Today, we’re chopping a full day off of the work week. We’re also talking customer segmentation and the power of being bootstrapped.
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The four-day work week
Microsoft dropped news that they tried the ever-coveted yet ultra elusive “four-day work week.” And apparently, productivity soared.
Which inevitably got our ProfitWell crew talking. Because who wouldn’t want to work less to see more?
The shorter work week was tested in Japan, giving workers in Tokyo every Friday off this past August. The company gave special paid leave to workers to account for their fifth day, but also subsidized expenses employees incurred for volunteering, taking classes, or enjoying family trips.
The result: productivity rose 40%.
Apparently employees packed more efficiency into their 32-hour weeks by conducting more remote conference calls, while also printing far less material at the office—a big cost saver for the Microsoft team. Overall, data showed "employees are seeking diversified work styles," Microsoft officials said in a statement. Which I am totally on board with.
I’m skeptical, though. Losing an entire day of work feels like it’d set me back in accomplishing my OKRs and quarterly goals. I truly wonder what motivates a CEO to hop on board with experimenting here. Does it depend on industry? Business model? How long the experiment runs? It feels like a tough sell.
And, sure, we know business practices that work in one country may not necessarily be effective somewhere else. Japanese workers in particular, are noted for their heads down work ethic. Yet some companies—in the U.S. and abroad—are giving four-day weeks a try.
A June 2019 report from the Society for Human Resource Management said 15% of more than 2,700 American companies and organizations surveyed, now offer a four-day work week option to employees, up from 12% in 2017. And while they’re still uncommon, organizations that have implemented them report no decreases to productivity or revenue as a result.
Andrew Barnes, a key figure in experimentation of the four-day work week, reminds us that "At the heart of this is productivity and, if we can get enhanced productivity from something that delivers work-life balance, it's a win-win-win," he said, citing employers, workers, and their families as winners. "All the evidence suggests that productivity will either hold steady or go up."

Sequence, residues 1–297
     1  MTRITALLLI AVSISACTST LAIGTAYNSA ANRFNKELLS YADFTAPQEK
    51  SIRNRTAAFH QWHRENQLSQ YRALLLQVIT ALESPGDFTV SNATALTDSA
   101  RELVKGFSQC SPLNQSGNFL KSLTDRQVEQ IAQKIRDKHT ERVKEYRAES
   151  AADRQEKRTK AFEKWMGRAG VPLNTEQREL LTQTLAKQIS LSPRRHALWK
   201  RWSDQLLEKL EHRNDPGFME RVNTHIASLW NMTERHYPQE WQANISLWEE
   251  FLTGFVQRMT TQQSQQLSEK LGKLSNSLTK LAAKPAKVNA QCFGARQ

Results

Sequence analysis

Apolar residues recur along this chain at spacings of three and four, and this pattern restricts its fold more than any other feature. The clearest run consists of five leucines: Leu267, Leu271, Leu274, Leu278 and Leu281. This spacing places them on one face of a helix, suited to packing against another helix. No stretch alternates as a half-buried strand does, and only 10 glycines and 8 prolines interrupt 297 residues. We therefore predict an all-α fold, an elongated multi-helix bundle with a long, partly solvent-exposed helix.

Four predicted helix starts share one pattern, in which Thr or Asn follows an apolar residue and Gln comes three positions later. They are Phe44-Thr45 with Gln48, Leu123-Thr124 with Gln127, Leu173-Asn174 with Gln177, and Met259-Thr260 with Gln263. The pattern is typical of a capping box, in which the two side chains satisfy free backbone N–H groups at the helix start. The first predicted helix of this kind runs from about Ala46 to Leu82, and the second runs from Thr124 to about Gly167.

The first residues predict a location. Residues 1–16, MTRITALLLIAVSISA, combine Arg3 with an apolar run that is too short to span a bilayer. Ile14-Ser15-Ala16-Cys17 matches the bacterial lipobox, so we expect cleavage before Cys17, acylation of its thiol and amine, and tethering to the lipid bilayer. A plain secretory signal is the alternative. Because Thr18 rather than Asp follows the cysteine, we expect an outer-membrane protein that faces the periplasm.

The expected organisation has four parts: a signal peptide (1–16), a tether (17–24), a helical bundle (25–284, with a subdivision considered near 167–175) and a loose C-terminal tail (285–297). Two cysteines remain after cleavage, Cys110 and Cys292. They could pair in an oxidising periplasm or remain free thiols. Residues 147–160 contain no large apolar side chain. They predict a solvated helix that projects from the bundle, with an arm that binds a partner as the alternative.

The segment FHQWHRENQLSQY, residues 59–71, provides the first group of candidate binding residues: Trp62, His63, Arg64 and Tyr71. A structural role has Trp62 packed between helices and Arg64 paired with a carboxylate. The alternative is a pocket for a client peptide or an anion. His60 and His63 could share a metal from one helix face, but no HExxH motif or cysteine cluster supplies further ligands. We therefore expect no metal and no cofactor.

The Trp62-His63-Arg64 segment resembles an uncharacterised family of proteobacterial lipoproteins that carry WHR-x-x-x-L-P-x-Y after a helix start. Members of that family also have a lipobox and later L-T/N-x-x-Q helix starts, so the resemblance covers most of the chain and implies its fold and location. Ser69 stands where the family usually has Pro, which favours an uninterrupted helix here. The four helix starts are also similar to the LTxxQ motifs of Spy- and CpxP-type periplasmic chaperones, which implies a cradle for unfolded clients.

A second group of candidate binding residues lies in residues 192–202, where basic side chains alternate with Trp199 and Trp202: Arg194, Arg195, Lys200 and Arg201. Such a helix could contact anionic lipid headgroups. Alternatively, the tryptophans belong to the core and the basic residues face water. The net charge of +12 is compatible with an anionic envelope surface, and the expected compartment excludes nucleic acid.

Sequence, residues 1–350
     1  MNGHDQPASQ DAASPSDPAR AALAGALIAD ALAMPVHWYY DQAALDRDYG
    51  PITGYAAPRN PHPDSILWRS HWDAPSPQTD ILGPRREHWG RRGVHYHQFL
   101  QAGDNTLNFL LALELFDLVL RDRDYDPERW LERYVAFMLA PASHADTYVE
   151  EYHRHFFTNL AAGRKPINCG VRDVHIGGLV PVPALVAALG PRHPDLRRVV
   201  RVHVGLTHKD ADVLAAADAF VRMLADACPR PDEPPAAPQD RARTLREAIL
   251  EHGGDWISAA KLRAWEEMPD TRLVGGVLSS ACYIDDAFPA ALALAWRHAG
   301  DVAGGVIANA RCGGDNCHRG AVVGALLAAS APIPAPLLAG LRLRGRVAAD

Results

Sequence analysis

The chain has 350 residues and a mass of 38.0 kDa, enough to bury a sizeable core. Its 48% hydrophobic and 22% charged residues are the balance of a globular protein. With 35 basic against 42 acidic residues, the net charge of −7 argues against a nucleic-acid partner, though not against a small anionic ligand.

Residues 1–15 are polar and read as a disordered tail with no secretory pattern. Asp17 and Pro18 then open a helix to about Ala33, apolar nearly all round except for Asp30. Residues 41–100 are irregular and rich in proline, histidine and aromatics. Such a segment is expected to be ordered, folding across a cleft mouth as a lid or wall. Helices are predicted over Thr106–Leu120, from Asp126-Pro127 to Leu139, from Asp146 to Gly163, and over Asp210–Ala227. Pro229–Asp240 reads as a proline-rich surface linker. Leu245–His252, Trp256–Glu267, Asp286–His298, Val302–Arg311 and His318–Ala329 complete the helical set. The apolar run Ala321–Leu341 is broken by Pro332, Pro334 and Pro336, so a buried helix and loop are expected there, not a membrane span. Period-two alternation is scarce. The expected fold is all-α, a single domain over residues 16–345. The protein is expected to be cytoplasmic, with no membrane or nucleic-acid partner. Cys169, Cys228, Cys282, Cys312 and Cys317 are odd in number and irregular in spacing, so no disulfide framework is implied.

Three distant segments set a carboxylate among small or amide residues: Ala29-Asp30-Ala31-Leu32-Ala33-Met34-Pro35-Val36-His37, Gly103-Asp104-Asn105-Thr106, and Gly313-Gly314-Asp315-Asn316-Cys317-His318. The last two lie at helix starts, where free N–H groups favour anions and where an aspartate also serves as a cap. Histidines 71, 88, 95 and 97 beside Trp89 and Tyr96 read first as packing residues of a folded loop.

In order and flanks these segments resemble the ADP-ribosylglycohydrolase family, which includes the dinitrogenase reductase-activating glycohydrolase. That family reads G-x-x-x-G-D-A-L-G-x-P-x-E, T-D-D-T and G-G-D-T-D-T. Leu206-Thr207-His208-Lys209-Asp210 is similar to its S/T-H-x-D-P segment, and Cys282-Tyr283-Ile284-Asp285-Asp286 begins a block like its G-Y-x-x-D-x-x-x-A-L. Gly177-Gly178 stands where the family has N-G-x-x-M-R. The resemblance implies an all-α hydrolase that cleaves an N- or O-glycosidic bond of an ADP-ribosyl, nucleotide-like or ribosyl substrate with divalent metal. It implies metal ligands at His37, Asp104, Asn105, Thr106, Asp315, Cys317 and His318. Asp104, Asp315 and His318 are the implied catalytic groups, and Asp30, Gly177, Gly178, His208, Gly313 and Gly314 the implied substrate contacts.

I may be skeptical, but I'm sure willing to test it out.
CEOs, what are your thoughts here? PC, what about you...?
These next two are thanks to Dan Martell, whose Twitter feed is jam packed with articles and resources we binge on the regular.
They’ve launched nine companies in the last few years, growing them to millions in revenue.
In it, they touch on some unconventional views Marcus holds—how he thinks about personal development, and letting the customer be your investor. Since we’re a big fan of bootstrappers, and customers rule everything around us, we’re all ears on this one.
“I started Venture Harbour with 500 quid in my bank and a broken laptop. We’ve never raised any money for any of the ventures. I find so many friends in the startup world spend so much time messing around with cap tables and pitch decks and high-fiving each other when they raise money. I believe so strongly that if you had spent that time listening to the customers and letting your customers be your investors, you'd be in a far better position."
The power of customer segmentation
And in other resources, Intercom drops a “who’s who” on customer segmentation.
Because they know that at some inflection point of growth, it becomes impossible to intuitively know your customers, let alone decide which ones to focus on. In it, they break down the roots of customer segmentation, because they understand the weight of the tool.
For a growing business, segmentation is necessary to know your customers and your market, and share this understanding across teams.
Beyond a certain size, it’s impossible to do without. So the article also goes deep on how to segment customers by aligning on problems and principles, creating the actual customer segments, driving internal adoption, and segmenting by needs and value.
For the full resource, we’ll send a link in your subscriber newsletter. And if you’re digging the idea of segmentation, check out ProfitWell Segment, a tool we offer to give you a single source of truth for your financial metrics for free. Here’s a bit more on that.
Has your pricing gone stale?
In this episode of Dan Martell's Escape Velocity pod, he and Patrick talk price elasticity, the market's willingness to pay, and how to raise your pricing effectively.
And that’s a wrap for your November 19 subscription news. Recruit your teammates into the subscription know: recurnow.com to sign up for episodes on the daily.
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